Migrant workers in Central Asia are subjected to high migration costs

On the occasion of the general discussion on labour migration held at the 106th session of the International Labour Conference (ILC), FIDH wishes to share its concern that Conventions Nos 97 and 143 are today insufficiently ratified and implemented around the world. International instruments and recommendations of the ILO, as well as measures taken by states on the regional or national level to protect migrants’ rights should apply to all migrant human beings, including undocumented migrants, asylum seekers and refugees.

The situation of migrant workers from Central Asia, in particular, are subject of concern. These migrant workers and members of their families, who seek to obtain employment or are already working in Kazakhstan and the Russian Federation, continue to suffer from significant decent work deficits, including violations of fundamental principles and rights at work, and other infringements.

FIDH expresses its hopes for the general discussion to consider the highly sensitive situation of migrant workers in Central Asia and to rapidly provide solutions to protect both migrants in a regular situation and those, even more vulnerable and considered as “invisible”, in an irregular situation, as well as members of their families.

Main findings

Following 2015-2016 investigation missions, FIDH and its member organisations produced two reports to document the situation of migrant workers coming from Kyrgyzstan, Tajikistan and Uzbekistan, and going to, or staying in Kazakhstan and in the Russian Federation. Working in construction, markets, service industries, and in the cotton and vegetable fields, interviewed migrant workers proved, for the main part, to be in an irregular situation [1]. This general trend is all the more worrying as it exacerbates the vulnerability of migrant workers. It leads to all sorts of discriminations and poor conditions of work, especially with respect to contractual status, level of wages, hours worked and occupational safety and health issues. It also limits their access to healthcare and other social security benefits, their access to justice, education for their children, and reinforces their fear to deportation and other consequences.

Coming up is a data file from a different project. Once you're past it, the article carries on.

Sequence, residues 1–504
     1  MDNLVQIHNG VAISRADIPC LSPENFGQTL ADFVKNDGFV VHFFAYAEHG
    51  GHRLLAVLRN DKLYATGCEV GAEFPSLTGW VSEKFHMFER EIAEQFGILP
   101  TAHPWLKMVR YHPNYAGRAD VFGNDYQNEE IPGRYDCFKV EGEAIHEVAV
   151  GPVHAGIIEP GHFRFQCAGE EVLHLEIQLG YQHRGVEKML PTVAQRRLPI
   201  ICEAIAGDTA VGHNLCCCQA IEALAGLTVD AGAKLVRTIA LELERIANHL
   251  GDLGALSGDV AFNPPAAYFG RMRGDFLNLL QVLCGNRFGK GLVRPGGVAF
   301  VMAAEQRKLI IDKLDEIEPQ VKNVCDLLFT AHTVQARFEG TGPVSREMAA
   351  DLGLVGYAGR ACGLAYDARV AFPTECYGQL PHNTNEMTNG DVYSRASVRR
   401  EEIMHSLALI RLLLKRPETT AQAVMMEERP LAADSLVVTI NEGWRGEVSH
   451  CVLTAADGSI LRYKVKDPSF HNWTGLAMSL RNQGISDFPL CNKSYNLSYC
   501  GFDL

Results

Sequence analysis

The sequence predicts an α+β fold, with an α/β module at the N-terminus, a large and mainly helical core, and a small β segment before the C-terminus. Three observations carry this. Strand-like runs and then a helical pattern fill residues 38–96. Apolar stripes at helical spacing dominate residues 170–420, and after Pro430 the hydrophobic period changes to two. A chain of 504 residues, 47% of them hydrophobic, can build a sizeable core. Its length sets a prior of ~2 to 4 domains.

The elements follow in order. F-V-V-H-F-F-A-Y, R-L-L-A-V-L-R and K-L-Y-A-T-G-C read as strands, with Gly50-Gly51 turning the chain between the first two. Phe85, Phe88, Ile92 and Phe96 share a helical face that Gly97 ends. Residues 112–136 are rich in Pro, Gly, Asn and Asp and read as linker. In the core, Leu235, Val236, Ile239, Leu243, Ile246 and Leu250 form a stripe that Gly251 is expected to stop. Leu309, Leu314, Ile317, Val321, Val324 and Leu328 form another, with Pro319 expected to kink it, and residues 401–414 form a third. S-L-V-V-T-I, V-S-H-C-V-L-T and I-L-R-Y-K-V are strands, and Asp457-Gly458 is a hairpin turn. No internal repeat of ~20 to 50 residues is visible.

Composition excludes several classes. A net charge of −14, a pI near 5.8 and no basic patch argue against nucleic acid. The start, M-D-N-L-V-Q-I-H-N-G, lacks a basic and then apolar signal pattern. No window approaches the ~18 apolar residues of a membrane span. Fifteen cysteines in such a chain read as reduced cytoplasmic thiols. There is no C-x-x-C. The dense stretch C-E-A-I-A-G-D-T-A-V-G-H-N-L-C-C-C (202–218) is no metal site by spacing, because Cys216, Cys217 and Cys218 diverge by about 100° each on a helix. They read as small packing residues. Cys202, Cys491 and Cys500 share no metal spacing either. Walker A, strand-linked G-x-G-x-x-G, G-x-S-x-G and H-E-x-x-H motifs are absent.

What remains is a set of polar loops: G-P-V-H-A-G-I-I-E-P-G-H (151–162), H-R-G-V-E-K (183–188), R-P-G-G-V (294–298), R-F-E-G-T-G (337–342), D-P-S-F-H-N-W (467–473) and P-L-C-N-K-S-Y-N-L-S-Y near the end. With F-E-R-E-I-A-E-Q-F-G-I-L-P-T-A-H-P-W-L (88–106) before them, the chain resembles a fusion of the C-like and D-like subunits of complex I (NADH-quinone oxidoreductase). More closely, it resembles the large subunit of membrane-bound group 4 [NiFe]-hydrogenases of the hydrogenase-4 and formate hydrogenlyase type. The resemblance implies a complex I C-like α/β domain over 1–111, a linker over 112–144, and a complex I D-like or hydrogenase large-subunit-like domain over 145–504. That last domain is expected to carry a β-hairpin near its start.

The report on the situation of migrants in Kazakhstan published by FIDH and its member organisations documents practices that contribute to exploitation of workers, especially the confiscation of passports by employers which restricts migrants’ freedom of movement and prevents them from quitting their job despite the abusive working conditions (salary decrease or no salary at all). Migrant workers are also often victims of human trafficking for the purpose of forced labour or sexual exploitation. During the investigation, Youzma, of Uzbek nationality, recounted :

"A woman approached me in a market in Tashkent. She promised me a job as a waitress in Shymkent with a good salary. […] I was forced into prostitution [in Kazakhstan]. I was lucky if I got four hours of sleep a day, they hardly gave me any food and I was forced to "work" non-stop […].”

 [2]

Our organisations conducted further investigations to document the specific situation of Kyrgyz migrants in Russia and Kazakhstan, with a large focus on women and children who prove to be doubly vulnerable, both if migrate with their family or without it, and as much if left behind. Those who migrate have to live in crowded and poor lodging, have very limited access if any to health services (including sexual and reproductive health) and education. Women are especially exposed to abusive work conditions. Many of those from Central Asia are also targets of racist and xenophobic actions left generally unpunished, particularly in Russia. The report also denounces the social phenomenon of so-called “Patriots” in Russia, where Kyrgyz men carry out assaults on Kyrgyz women because they think their life style abroad is too loose, and even ‘immoral’. The death of 17 Kyrgyz migrant workers (mainly women) in a Moscow work site fire on 27 August 2016 was an urgent reminder of the need to protect them in priority. The report concludes that women and children are particularly affected by migration, whether they migrate or stay behind.